Trekking to Machu Picchu!
Monday, November 03, 2014
These past 5 days have been the most difficult and most amazing of our trip, by far
Early (last) Monday morning we all said goodbye to our host families in Cusco and met in the main plaza at 3:30 am. Tired, excited, and a little anxious, we boarded a bus to Mollepata with a bunch of other hikers. Once we arrived in the small mountain town, the group ate breakfast and organized all our belongings to start the hike. Each person was allowed to load 5 kilos (11 lbs) of their stuff on horses that would carry everything to the campsites for the first 3 nights. So after rearranging our backpacks and handing over our 5 kilos, we all applied our sunscreen and bug spray and got ready to go. A few of us also made the miraculous purchase of wooden walking sticks that would eventually become our life-saving "third legs" on the trek.
Soon we met the rest of our group in the middle of the town plaza
Monday was fairly difficult, as it was our first full day of walking. We trekked uphill for most of the morning, taking frequent breaks to recover from the hot sun & hilly terrain. We stopped for lunch about halfway and caught our first glimpse of a beautiful snow-covered peak, Mount Humantay. Some people went faster than others, and we were definitely not the most experienced hikers out there, but everyone had a great time just going at their own pace and enjoying the beautiful scenery of mountains and valleys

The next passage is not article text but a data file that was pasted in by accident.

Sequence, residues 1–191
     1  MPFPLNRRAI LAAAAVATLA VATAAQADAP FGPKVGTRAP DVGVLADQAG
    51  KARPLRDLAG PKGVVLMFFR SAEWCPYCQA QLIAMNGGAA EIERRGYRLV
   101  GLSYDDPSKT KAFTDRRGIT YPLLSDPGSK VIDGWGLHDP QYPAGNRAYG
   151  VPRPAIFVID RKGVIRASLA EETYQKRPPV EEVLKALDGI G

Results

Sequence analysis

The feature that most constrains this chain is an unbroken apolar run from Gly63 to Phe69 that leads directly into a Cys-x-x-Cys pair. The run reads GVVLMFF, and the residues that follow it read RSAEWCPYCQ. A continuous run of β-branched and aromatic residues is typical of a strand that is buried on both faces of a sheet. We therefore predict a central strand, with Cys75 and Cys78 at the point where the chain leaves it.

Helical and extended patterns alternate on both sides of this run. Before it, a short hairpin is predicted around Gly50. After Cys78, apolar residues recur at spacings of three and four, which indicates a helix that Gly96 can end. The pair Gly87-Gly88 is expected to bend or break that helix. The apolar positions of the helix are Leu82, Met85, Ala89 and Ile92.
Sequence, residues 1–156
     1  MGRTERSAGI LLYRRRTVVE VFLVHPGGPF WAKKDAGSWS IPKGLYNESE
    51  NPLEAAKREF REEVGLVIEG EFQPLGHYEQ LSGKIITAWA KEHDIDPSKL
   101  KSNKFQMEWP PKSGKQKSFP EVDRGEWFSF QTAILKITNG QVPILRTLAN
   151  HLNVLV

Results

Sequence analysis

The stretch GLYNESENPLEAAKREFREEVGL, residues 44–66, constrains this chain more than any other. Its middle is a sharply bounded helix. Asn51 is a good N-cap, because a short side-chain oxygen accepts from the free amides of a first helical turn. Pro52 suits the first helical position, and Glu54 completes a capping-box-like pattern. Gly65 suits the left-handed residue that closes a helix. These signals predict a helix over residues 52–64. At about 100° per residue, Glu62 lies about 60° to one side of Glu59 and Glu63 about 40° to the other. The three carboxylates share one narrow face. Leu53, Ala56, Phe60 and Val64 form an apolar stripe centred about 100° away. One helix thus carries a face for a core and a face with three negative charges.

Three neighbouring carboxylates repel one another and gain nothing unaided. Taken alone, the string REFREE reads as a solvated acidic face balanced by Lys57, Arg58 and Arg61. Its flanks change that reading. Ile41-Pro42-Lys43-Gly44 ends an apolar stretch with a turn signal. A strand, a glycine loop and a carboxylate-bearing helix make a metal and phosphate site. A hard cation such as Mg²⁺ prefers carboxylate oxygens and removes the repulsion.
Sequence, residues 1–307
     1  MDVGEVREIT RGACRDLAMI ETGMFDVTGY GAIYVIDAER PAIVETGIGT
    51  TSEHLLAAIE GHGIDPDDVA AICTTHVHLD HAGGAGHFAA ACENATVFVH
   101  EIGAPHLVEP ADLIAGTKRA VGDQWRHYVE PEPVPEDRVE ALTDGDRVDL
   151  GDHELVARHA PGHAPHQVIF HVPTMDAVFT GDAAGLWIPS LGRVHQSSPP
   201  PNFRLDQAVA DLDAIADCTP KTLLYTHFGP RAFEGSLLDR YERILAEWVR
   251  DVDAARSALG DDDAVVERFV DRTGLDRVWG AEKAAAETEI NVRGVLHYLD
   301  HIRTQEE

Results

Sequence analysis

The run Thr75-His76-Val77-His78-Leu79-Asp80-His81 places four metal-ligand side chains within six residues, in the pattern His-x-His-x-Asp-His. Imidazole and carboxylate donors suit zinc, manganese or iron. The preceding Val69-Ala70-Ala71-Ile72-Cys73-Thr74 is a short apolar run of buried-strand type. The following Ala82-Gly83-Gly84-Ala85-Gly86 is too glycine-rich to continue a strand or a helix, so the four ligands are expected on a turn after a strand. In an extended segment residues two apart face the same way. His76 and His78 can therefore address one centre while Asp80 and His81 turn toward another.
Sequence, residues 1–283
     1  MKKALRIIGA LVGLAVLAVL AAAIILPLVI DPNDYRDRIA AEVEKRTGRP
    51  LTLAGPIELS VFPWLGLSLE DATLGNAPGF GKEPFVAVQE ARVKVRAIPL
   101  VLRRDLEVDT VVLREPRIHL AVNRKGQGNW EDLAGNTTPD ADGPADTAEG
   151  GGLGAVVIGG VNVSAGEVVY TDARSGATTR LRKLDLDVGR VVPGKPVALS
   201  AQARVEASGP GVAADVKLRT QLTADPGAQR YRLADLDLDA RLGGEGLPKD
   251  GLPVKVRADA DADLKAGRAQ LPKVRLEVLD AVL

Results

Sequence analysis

That night we camped in a place called Soraypampa at the foot of Mount Humantay and Mount Salkantay. We each paired up - 2 to a tent - and unloaded our backpacks to rest. It was pretty freezing and windy, but we all enjoyed having hot tea, eating popcorn, and playing President with the group.
The next morning we all prepared for our hardest day - climbing up Mount Salkantay. Most of the group conquered the steep uphill climb on foot, while others chose to take horses (really mules) to ride up the side of the mountain. Both options were enjoyable because the views were so beautiful, even with the group of horses being led by a "guide" who looked no older than 9 years old!
After a lot of hard climbing and some horse-traffic jams, our whole group finally made it to the highest point of the whole Salkantay trek - somewhere around 4600 meters high (15,000 feet).
At the top we took pictures, learned about Mount Salkantay from Coach (Salkantay actually means "wild mountain"), and even made an offering to Pachamama - the Incan goddess of Mother Earth - with coca leaves and a pile of stones
Going down the other side of the mountain was also hard, as we ran into some thick fog and some very slippery slopes. However it was very cool to start seeing the beginning of the cloud forest and the Salkantay River. So, after breaking for lunch, we continued on through the mountains, with the climate rapidly changing to a more humid, rainforest type scene. It was very beautiful but also incredibly difficult, as there were tons of mosquitoes and it was